This limit applies to the interest you earn from all your investments and not to each investment. So, if you have a bank account and a money market account, the interest from both will be added together and then the limit applied.

The interest on which you must pay tax will be added to your taxable income and you will be taxed at your marginal tax rate. Read more: How do the income tax brackets work and what is my marginal tax rate?

  • Dividends tax

Investments such as shares, ETFs or equity unit trust funds earn dividends which are taxable. Dividends tax is applied at 20% of the dividends paid to you. On South African investments, dividends tax is withheld by the company paying the dividend and paid on your behalf to the South African Revenue Service.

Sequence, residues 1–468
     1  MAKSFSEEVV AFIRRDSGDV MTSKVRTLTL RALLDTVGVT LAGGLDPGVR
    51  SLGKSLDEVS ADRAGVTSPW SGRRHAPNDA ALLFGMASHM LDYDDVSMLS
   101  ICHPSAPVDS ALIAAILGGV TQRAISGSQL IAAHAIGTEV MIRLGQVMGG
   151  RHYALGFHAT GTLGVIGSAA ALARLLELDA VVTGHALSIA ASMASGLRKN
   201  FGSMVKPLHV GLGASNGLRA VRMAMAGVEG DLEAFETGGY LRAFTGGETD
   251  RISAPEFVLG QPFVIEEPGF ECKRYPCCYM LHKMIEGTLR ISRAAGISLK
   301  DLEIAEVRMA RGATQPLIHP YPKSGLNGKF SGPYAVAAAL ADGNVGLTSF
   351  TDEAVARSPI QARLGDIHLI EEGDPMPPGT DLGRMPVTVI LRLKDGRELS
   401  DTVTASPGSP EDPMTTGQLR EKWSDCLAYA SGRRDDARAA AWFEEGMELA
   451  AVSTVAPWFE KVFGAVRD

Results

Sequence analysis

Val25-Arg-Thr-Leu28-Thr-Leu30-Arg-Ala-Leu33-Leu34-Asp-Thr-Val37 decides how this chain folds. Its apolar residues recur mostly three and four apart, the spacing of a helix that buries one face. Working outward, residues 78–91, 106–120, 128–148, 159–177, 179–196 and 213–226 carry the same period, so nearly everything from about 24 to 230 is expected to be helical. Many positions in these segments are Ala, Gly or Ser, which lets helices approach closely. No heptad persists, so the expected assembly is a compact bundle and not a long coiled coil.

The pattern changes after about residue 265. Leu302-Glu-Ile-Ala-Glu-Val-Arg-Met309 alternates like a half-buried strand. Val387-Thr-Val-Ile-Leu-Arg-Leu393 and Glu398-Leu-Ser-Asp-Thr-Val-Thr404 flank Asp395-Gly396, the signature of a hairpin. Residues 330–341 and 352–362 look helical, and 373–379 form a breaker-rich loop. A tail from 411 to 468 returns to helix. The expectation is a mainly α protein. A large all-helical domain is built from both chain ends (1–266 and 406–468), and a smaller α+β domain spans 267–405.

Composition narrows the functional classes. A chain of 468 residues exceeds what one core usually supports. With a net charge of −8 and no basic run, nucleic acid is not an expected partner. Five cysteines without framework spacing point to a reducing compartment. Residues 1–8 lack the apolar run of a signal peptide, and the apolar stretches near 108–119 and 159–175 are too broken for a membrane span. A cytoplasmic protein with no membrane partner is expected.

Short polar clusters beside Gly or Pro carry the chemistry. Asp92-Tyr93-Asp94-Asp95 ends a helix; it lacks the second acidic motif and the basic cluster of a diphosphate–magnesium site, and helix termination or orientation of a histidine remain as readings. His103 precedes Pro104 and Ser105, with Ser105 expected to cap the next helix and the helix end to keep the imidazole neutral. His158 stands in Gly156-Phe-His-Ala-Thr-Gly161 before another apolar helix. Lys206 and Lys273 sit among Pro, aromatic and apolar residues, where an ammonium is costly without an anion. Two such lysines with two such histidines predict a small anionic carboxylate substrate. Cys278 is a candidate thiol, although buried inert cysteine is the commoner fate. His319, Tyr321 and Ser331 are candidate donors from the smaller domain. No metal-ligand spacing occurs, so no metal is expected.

• Capital gains tax

Capital gains tax (CGT) is payable on investments, such as shares, unit trust funds, exchange traded funds and hedge funds, that make capital gains.

This tax is only payable when you sell the investment or withdraw from it. You, or your estate, will also be liable for CGT if you emigrate or die.

The capital gain is calculated by subtracting the cost of acquiring the asset from the proceeds of selling it.

Every year you are entitled to a capital gains tax exemption of R40 000. Your estate will be entitled to an exemption of R300 000 in the tax year in which you die.

After applying the exemption, 40% of the gain is added to your taxable income for the tax year in which you realised the gain.